The Marx Brothers movies: All 13 films, ranked worst to best, including ‘Duck Soup,’ ‘Animal Crackers’

The Marx Brothers – mustachioed, stogie-smoking ring-leader Groucho, chatty, Italian-accented con man Chico, silent skirt-chaser Harpo and, early on, relatively “normal” matinee idol Zeppo – first got their start as a vaudeville comedy act at the turn of the 20th century. They would go on to conquer the Broadway stage before landing in films when “talkies” took off.

Zeppo would drop out of the act after five films, becoming an engineer and a talent agent. But his older siblings would continue their frenzied verbal and visual hilarity on the big screen until 1949, when the medium of television beckoned and competed for eyeballs. Groucho would host a TV version of his radio game show, “You Bet Your Life,” for 11 seasons on NBC and appeared on Dick Cavett’s TV talk show in the late ‘60s. That is when their Marx Brothers’ anarchistic approach to humor and word-play takedowns of hypocrites and stuffy high-society types hit a nerve with the counterculture.

Most of the Marx Brothers’ oeuvre can be found for free on YouTube. In honor of Groucho’s birthday on October 2, here are all 13 of his movies with his brothers, ranked from worst to best, including “Animal Crackers,” “A Night at the Opera” and “Duck Soup.”

13. LOVE HAPPY (1949)
The last film to feature Groucho, Harpo and Chico – and not a moment too soon. What was originally meant as a solo film for Harpo was expanded to help pay off Chico’s gambling debts. Once more, Groucho is a detective – this time, Sam Grunion – who is seeking the missing Royal Romanoff diamonds for years. His pursuit leads him to an acting troupe who is putting on a musical revue. Harpo helps support the performers while stealing groceries from lady shoppers and hiding them in his trench coat when he stumbles upon diamond smugglers. Meanwhile, Chico is itinerant musician Faustino the Great. Much business with fake and real diamonds in sardine cans follows. Groucho is mostly wasted, save for his swift scene opposite a very young Marilyn Monroe as a slinky client. With his eyebrows working overtime, he says, “Come in. Is there anything I can do for you? What a ridiculous statement.”  Monroe: “Some men are following me.” Groucho: “Really? I can’t understand why.”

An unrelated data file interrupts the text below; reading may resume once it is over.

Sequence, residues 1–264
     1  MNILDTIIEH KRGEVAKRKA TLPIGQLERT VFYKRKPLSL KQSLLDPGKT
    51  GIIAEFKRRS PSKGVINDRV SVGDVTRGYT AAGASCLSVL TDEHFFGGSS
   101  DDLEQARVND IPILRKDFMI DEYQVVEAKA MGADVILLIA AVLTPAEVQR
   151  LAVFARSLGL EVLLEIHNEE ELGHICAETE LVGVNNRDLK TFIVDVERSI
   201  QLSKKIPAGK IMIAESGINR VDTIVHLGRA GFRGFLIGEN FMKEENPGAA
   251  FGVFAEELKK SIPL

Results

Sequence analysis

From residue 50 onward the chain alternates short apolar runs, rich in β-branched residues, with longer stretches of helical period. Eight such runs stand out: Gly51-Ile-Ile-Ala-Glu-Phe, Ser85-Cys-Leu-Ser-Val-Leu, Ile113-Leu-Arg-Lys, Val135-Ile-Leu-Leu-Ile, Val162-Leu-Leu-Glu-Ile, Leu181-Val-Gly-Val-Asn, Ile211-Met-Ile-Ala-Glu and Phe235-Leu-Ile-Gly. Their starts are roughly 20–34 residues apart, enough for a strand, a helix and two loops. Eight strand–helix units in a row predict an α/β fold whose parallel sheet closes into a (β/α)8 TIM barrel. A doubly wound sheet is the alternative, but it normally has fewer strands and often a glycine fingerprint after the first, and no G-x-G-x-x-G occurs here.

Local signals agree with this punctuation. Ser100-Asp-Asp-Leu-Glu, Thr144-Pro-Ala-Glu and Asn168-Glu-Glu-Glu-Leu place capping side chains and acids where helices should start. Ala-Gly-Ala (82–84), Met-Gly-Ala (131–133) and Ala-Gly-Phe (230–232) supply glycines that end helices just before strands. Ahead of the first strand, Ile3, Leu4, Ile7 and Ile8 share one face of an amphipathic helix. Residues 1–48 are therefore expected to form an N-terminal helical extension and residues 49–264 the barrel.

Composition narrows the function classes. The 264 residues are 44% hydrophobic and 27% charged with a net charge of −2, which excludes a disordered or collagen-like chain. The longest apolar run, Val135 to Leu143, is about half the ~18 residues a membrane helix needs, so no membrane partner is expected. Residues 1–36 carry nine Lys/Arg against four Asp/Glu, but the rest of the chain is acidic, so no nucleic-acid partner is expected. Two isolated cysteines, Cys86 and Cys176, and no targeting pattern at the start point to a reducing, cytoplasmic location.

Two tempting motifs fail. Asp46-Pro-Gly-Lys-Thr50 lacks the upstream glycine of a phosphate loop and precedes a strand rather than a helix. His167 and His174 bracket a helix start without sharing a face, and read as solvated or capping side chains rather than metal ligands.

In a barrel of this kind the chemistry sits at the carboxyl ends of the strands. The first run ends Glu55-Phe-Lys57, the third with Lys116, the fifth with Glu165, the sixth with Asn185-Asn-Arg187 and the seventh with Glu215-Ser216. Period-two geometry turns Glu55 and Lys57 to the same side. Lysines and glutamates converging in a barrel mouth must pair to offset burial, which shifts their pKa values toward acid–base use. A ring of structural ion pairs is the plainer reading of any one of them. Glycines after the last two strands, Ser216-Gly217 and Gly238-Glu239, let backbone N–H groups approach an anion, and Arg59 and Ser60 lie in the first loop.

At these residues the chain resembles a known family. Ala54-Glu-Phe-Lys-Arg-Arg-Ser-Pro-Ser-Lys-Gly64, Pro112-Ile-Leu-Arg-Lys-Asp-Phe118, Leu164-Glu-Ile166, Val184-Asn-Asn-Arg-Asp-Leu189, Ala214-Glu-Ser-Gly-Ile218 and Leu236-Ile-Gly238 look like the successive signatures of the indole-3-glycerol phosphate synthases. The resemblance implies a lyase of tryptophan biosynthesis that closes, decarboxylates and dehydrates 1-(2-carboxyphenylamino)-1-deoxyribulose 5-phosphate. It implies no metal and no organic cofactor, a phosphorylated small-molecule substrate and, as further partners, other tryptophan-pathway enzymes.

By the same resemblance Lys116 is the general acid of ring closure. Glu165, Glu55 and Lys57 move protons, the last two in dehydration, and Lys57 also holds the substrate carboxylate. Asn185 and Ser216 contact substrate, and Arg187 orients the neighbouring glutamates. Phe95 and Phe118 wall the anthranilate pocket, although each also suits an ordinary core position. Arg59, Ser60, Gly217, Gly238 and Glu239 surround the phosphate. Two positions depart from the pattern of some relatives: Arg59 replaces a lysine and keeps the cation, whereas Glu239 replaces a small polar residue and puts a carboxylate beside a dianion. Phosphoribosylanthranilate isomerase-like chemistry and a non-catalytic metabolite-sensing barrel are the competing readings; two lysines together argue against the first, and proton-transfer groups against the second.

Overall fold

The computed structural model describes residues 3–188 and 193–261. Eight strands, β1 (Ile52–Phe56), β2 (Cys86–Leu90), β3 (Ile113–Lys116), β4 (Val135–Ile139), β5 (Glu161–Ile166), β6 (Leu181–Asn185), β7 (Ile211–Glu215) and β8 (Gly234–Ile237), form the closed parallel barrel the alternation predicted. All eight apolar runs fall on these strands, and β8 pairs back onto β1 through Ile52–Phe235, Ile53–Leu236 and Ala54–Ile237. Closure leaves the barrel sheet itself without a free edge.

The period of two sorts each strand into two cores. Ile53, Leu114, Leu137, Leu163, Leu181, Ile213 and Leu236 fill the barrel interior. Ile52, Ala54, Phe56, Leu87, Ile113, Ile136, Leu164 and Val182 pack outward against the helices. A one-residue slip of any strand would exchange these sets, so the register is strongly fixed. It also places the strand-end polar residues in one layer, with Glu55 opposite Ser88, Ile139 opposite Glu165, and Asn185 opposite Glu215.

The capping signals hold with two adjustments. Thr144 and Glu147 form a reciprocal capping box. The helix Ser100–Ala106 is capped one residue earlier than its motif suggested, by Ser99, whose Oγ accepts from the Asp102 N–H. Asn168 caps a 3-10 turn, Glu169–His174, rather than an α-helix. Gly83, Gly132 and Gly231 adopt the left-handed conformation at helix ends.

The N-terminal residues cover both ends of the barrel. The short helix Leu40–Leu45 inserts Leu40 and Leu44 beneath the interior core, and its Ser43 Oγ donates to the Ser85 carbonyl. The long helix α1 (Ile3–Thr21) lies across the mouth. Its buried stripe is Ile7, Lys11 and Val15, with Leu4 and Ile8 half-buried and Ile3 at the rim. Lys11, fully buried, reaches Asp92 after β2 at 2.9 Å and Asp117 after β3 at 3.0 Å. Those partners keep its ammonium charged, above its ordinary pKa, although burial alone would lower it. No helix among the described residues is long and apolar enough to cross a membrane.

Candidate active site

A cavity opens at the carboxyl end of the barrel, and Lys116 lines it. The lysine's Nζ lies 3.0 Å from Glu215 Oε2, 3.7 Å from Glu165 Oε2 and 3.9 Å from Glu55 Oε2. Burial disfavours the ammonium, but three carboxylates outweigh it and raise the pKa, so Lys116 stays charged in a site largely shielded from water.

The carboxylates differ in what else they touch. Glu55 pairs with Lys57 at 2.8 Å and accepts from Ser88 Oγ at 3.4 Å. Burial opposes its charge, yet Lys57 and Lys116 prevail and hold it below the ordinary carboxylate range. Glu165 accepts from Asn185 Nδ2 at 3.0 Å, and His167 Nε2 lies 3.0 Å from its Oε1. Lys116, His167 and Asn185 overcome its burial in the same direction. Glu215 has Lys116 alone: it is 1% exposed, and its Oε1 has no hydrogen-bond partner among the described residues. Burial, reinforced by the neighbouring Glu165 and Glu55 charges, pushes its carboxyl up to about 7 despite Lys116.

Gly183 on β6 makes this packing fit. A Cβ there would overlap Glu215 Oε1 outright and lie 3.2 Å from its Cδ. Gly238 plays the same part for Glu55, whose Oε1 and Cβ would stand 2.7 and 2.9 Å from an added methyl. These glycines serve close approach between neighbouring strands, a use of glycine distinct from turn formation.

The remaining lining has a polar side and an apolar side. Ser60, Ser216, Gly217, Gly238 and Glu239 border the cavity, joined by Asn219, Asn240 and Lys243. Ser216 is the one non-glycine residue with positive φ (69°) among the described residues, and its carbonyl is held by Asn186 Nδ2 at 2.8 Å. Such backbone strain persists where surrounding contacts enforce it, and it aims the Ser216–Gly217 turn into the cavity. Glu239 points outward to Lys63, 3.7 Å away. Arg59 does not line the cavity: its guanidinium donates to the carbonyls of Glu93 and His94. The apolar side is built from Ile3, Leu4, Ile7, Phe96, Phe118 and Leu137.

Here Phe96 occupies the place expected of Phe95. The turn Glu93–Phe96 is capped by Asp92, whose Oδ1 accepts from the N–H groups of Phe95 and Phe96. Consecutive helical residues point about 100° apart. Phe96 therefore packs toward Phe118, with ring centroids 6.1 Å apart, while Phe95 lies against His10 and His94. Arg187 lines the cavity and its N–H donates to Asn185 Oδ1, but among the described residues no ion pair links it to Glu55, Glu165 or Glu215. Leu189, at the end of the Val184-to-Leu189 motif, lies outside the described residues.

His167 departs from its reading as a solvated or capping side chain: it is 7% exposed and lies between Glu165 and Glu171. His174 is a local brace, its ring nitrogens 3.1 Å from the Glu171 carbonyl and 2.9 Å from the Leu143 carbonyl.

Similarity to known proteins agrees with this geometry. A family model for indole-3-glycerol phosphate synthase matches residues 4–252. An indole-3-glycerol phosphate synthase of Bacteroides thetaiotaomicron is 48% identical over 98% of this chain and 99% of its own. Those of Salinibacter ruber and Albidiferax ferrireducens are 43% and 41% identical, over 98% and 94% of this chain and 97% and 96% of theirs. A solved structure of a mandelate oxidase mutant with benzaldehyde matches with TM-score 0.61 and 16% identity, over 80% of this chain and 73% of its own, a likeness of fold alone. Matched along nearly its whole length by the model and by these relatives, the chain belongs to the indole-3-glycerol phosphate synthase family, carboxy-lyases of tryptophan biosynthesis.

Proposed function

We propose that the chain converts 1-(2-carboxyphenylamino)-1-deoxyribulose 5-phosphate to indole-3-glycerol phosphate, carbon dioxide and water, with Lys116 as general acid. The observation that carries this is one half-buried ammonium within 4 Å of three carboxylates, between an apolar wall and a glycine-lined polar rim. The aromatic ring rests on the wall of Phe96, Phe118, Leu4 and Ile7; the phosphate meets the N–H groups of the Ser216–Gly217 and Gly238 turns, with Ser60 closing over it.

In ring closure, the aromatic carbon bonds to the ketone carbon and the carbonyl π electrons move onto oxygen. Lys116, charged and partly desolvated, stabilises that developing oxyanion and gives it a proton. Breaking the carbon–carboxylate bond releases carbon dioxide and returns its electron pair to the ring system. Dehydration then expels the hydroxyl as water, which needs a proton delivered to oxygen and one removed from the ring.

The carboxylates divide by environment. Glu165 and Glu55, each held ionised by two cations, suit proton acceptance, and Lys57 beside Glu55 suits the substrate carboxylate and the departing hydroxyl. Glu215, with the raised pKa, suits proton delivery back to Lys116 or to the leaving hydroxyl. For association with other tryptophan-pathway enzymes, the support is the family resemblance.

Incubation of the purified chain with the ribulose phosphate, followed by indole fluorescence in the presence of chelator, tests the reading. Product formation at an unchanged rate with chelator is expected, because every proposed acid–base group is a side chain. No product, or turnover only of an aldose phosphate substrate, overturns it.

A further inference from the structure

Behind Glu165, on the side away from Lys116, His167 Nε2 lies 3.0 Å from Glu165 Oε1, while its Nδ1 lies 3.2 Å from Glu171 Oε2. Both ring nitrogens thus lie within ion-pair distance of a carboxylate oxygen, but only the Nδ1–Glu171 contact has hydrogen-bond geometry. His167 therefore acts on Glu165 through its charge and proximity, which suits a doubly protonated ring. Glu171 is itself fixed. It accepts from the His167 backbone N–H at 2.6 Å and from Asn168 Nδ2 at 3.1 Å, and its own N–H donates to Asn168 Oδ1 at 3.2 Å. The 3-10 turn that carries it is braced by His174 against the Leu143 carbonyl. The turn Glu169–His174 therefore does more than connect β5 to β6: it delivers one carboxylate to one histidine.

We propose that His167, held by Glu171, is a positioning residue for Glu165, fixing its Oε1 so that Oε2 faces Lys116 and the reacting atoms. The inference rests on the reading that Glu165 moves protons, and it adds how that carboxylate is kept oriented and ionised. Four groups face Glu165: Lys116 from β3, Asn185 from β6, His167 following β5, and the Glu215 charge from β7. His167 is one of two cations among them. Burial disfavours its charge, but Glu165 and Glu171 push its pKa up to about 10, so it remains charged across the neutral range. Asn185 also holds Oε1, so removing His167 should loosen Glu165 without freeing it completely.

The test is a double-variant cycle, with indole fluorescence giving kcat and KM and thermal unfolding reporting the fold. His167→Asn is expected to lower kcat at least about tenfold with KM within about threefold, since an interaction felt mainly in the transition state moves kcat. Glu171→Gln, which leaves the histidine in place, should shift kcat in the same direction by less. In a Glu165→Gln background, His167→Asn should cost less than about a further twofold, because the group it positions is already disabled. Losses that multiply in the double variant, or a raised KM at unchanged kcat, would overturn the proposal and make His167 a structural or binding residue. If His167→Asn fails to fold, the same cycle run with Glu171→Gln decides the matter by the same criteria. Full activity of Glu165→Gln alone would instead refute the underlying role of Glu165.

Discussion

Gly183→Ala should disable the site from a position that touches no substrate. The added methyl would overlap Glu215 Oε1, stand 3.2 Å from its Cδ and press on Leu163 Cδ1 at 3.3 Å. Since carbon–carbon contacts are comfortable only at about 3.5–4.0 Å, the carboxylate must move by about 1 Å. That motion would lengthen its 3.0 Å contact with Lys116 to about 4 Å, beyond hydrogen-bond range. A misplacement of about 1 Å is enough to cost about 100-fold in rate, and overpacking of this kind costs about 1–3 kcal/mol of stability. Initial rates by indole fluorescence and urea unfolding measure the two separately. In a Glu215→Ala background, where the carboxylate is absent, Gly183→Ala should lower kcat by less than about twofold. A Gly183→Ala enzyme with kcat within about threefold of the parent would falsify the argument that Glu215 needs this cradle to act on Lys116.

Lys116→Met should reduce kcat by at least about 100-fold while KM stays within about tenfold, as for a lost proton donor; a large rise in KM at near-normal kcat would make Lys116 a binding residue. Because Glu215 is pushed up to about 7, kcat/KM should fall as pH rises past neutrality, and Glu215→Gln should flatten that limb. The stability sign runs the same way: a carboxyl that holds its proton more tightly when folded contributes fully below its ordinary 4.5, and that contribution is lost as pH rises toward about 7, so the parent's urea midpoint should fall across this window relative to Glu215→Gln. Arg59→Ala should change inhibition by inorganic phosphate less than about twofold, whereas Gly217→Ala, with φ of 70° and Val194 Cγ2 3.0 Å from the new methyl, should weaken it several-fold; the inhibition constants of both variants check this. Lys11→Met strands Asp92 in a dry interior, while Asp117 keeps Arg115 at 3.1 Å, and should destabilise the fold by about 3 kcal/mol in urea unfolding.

The brothers spoof wartime dramas as someone keeps killing off the managers of the Hotel Casablanca, namely a Nazi war criminal Ruman) who wants to grab the stolen art pieces that have been hidden at the inn. The latest manager is Ronald Kornblow (Groucho) who is oblivious about the fate of his predecessors. Chico’s Corbacchio appoints himself as his bodyguard alongside Kornblow’s silent valet (Harpo). A femme fatale (Lisette Verea) is sent to romance Kornblow and he gets arrested. The only reason to sit through this subpar string of one-liners arrives early in a sight gag designed by an uncredited Frank Tashlin. The best laugh arrives early when a crazy-eyed Harpo is idly leaning against a structure on a street. A cop yells at him, saying, “What do you think you are doing? Holding up the building?” Harpo nods his head and steps away – and sure enough, it crashes down.

11. THE BIG STORE (1941)
The brothers go wild in a department store after its owner has died. He leaves half to his nephew, a singer (Tony Martin), and half to his sister (Margaret Dumont). The evil store manager seeks to kill both so he can own the store. The heirs hire Groucho’s detective Wolf J. Flywheel to be a floorwalker and bodyguard. There is funny business with various props in the emporium’s bed department and another amusing segment when the Marxes (actually obvious stunt doubles) are chased throughout the store while elevators, stairs, chandeliers, roller skates, and a bike come into play. Groucho also comically breaks the fourth wall at a fashion show, noting, “This is a bright red dress but Technicolor is so expensive.” Harpo, who usually plays his harp at some point, accompanies himself on flute and bass violin with camera trickery.

10. GO WEST (1940)
Flimflam man S. Quentin Quayle (Groucho) heads west on a train and tries to bilk money  from two prospector brothers, Joe (Chico) and Rusty (Harpo), he meets at the station. Instead, the siblings swindle him out of everything, including his pants. The rest of the plodding story concerns a pair of villains who try to get a lucrative railroad contract. The crazy ending, however, is worth the wait as Quayle, Rusty and Joe chop up passenger cars to fuel a locomotive.